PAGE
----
But misclassification cannot fully explain the racial difference in suicide. Other factors may help protect Black Americans from suicide, despite conditions that would seem to place them at higher risk. Dawne Mouzon, a sociologist and associate professor at Rutgers University, suggested that religious involvement is one source of protection. Black Americans overwhelmingly identify as Christian. “Because of their faith, Black Americans are more likely to believe suicide precludes reaching heaven after death,” she said.

    Although church membership has trended downward over the last two decades, it has been lower and fallen faster for white Americans than Black Americans. According to a national survey by the Pew Research Center, by almost any measure of religiosity, Black Americans are more religious than whites. Emotional and social support from a church congregation may also confer mental health benefits, Professor Mouzon added.

    It’s a much debated connection. A recent systematic review of studies found that attending religious service is not especially protective against suicidal ideation (thinking about or planning suicide), but it does protect against suicide attempts, and possibly protects against suicide.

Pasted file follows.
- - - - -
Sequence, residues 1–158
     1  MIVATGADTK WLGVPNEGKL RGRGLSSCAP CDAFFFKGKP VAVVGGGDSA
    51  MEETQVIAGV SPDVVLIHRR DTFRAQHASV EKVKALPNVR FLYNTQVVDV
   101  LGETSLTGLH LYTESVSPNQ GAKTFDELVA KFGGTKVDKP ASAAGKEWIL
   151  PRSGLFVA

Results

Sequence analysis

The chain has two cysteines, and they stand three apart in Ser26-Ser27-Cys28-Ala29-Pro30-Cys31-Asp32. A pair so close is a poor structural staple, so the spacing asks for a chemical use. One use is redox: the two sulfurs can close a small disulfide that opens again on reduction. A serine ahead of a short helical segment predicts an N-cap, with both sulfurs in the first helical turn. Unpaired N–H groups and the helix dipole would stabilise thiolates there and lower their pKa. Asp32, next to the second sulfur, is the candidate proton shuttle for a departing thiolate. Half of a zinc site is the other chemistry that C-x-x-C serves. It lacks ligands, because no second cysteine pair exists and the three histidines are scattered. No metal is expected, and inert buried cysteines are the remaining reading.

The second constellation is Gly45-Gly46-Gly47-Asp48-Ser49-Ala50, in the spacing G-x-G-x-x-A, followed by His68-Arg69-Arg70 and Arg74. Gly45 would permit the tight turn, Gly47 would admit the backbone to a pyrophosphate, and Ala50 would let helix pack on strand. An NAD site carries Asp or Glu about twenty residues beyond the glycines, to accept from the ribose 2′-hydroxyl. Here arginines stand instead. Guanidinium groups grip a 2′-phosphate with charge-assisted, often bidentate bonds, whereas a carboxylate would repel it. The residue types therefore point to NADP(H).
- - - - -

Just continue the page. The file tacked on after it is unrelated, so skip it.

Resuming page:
Other types of group activities may confer a similar sense of belonging. Volunteers with caregiving responsibility maintain a significantly reduced suicide risk, a 2019 study found. As a 1976 study put it, social support is anything that leads someone “to believe that he/she is cared for and loved, esteemed, and a member of a network of mutual obligations.”

    Jonathan Lee Walton, dean of the School of Divinity at Wake Forest University, sees another angle to Black religiosity that could reduce suicide rates. “It’s in the Black theological tradition that in this life you will experience trouble and hardship,” he said. “Unfortunately, this is born of tragic experiences in this nation. This prepares one for paths of despair, for traveling the lonely road of heartbreak, perhaps in a way that white Americans don’t learn to the same degree or from a young and formative age.”

    Single parenthood is another possible explanation. Black women are more likely to be single parents than white women, and they have the lowest suicide rates across any race/gender group. (Suicide is less common among women than men in general.)